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"A Doll's House": A Commentary on Feminism

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"A Doll's House": A Commentary on Feminism

Summary: Examines feminism, gender roles and family roles in "A Doll's House" by Henrik Ibsen.


"BAM!" a dramatic door slam ends "A Doll's House", a play by Henrik Ibsen. In this play, Ibsen makes many hints about the roles of society and how the female gender was treated at the time. From this play you can observe what Ibsen believed about the roles of society, equality between males and females, and the idea of feminism. "A Doll's House" is actually a play where one can see how things were at the time and what Ibsen himself believed about the central issues.


Ibsen portrayed the roles of society very well in this play. In the beginning of the play, Nora acted like most women of the time: she succumbed to anything her husband said and obeyed all orders directed to her by her husband. She was the "ideal wife". Her husband insulted her numerous times in the beginning of the play and patronized her endlessly. He even accused her of having too much sweets and gaining weight. "Has my little sweet tooth been indulging herself in town today by any chance? ..."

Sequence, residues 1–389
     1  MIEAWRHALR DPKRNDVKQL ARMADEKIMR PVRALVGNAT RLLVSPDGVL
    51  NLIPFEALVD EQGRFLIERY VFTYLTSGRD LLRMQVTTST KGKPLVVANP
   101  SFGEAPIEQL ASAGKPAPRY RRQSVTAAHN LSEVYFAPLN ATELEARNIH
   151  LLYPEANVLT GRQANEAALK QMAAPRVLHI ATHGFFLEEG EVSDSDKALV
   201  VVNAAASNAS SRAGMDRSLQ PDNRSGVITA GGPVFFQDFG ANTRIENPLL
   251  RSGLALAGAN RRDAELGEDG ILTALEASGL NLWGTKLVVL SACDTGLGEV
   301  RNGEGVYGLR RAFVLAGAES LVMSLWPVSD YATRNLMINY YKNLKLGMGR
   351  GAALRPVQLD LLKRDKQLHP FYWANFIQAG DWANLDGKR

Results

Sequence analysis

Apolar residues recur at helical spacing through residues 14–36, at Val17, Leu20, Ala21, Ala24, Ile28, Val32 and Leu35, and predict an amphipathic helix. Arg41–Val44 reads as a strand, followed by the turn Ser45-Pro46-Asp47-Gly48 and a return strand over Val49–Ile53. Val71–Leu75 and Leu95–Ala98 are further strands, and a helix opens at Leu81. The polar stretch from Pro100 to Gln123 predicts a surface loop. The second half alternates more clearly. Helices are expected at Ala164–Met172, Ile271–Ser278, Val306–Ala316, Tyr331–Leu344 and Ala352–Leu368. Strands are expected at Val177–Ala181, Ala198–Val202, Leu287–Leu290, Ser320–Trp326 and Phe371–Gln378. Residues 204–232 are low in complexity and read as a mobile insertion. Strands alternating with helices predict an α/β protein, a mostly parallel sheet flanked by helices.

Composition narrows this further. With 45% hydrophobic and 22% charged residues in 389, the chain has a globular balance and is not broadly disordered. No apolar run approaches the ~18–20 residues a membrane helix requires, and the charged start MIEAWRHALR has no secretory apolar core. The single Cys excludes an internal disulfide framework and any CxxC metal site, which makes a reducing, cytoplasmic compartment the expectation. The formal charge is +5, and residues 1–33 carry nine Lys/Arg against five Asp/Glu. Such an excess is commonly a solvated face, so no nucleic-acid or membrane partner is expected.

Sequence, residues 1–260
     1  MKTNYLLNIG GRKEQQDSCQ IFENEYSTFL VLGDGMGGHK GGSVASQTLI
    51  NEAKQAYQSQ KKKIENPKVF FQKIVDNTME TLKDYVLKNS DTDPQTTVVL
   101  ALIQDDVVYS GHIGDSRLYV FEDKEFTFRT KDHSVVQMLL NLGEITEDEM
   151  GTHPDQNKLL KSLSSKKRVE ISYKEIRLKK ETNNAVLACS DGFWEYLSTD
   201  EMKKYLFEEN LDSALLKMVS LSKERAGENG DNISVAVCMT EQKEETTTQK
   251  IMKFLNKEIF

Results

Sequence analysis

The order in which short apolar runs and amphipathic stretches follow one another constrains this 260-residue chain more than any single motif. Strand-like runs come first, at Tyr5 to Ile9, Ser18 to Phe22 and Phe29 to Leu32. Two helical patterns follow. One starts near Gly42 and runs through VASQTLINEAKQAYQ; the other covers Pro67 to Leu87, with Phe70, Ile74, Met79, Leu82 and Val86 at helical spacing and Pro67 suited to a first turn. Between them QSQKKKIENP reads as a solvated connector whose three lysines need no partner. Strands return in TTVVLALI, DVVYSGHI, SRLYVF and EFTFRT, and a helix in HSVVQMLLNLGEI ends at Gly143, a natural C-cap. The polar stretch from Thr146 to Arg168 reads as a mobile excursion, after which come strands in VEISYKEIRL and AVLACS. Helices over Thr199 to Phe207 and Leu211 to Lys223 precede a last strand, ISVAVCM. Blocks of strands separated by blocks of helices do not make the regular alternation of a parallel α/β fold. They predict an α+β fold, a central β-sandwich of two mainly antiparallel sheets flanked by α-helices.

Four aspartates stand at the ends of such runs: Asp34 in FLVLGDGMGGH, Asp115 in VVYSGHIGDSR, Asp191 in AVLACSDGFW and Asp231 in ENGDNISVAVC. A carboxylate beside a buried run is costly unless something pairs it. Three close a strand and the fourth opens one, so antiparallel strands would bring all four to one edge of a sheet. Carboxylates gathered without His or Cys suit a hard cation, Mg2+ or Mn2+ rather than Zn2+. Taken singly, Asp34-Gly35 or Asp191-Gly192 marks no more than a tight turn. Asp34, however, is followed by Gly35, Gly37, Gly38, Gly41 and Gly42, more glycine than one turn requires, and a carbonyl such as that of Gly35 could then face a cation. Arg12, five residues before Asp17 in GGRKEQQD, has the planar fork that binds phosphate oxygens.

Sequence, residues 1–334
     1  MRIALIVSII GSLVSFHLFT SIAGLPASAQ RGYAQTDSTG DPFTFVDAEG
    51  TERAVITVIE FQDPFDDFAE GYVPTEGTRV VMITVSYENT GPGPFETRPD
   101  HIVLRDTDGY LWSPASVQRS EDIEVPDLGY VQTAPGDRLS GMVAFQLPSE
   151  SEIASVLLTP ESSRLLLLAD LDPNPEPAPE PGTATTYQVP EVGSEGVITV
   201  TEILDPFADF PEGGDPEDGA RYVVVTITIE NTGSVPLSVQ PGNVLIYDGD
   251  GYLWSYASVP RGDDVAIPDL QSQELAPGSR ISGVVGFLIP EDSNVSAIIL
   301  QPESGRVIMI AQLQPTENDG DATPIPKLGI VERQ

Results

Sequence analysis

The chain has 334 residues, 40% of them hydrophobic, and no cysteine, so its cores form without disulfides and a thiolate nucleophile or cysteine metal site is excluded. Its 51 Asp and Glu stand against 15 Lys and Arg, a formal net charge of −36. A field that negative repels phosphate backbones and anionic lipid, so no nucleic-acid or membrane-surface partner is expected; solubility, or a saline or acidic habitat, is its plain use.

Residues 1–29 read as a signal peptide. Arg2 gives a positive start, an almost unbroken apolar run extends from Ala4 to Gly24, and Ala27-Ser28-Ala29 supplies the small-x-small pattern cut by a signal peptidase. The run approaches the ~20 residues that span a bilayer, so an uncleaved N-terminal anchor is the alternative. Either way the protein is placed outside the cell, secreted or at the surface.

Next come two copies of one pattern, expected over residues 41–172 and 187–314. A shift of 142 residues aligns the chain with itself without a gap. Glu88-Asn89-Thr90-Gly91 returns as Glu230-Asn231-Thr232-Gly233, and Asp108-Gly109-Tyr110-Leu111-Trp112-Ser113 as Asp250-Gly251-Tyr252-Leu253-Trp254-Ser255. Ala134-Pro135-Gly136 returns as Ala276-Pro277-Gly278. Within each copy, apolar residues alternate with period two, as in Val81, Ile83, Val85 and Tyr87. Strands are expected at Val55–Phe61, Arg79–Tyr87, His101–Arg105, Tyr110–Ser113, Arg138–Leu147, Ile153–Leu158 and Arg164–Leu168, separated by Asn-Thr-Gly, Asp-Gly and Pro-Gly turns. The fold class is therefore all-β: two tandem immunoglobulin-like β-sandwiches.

Later in the play, Nora transforms into how Ibsen and his wife, Suzzannah Thoreson, believe women should act and be portrayed as. She realizes that all her life, she has been simply acting as a decoration for the Hemler household and even compares herself to a doll, who gets played with, first by her father and then by Torvald, and she claims that that is the reason she had not achieved anything during her lifetime. "I have been performing tricks for you, Torvald. That's how I've survived. You wanted it like that. You and Papa have done me a great wrong. It's because of you I've made nothing ...

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